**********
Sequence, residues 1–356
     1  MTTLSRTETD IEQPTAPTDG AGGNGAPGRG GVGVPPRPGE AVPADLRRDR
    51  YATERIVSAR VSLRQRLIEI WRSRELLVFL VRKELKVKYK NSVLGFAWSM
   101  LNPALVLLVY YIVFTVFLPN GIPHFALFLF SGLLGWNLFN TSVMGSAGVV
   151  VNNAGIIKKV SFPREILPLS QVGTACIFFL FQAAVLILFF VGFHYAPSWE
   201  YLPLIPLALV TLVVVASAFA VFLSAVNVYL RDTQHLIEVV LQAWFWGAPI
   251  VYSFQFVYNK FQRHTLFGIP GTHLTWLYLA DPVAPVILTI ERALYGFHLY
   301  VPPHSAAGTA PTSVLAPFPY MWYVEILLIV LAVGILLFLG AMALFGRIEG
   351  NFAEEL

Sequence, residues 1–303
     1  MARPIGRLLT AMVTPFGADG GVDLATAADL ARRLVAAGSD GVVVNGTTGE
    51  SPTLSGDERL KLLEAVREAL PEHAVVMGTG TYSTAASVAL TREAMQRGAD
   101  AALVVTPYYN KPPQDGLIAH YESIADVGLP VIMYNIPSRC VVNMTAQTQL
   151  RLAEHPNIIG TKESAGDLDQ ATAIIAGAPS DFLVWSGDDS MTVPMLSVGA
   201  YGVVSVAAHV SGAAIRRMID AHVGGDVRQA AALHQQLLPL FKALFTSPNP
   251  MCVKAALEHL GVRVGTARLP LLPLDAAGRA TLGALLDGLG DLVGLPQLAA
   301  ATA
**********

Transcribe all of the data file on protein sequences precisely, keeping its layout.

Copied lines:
Sequence, residues 1–356
     1  MTTLSRTETD IEQPTAPTDG AGGNGAPGRG GVGVPPRPGE AVPADLRRDR
    51  YATERIVSAR VSLRQRLIEI WRSRELLVFL VRKELKVKYK NSVLGFAWSM
   101  LNPALVLLVY YIVFTVFLPN GIPHFALFLF SGLLGWNLFN TSVMGSAGVV
   151  VNNAGIIKKV SFPREILPLS QVGTACIFFL FQAAVLILFF VGFHYAPSWE
   201  YLPLIPLALV TLVVVASAFA VFLSAVNVYL RDTQHLIEVV LQAWFWGAPI
   251  VYSFQFVYNK FQRHTLFGIP GTHLTWLYLA DPVAPVILTI ERALYGFHLY
   301  VPPHSAAGTA PTSVLAPFPY MWYVEILLIV LAVGILLFLG AMALFGRIEG
   351  NFAEEL

Sequence, residues 1–303
     1  MARPIGRLLT AMVTPFGADG GVDLATAADL ARRLVAAGSD GVVVNGTTGE
    51  SPTLSGDERL KLLEAVREAL PEHAVVMGTG TYSTAASVAL TREAMQRGAD
   101  AALVVTPYYN KPPQDGLIAH YESIADVGLP VIMYNIPSRC VVNMTAQTQL
   151  RLAEHPNIIG TKESAGDLDQ ATAIIAGAPS DFLVWSGDDS MTVPMLSVGA
   201  YGVVSVAAHV SGAAIRRMID AHVGGDVRQA AALHQQLLPL FKALFTSPNP
   251  MCVKAALEHL GVRVGTARLP LLPLDAAGRA TLGALLDGLG DLVGLPQLAA
   301  ATA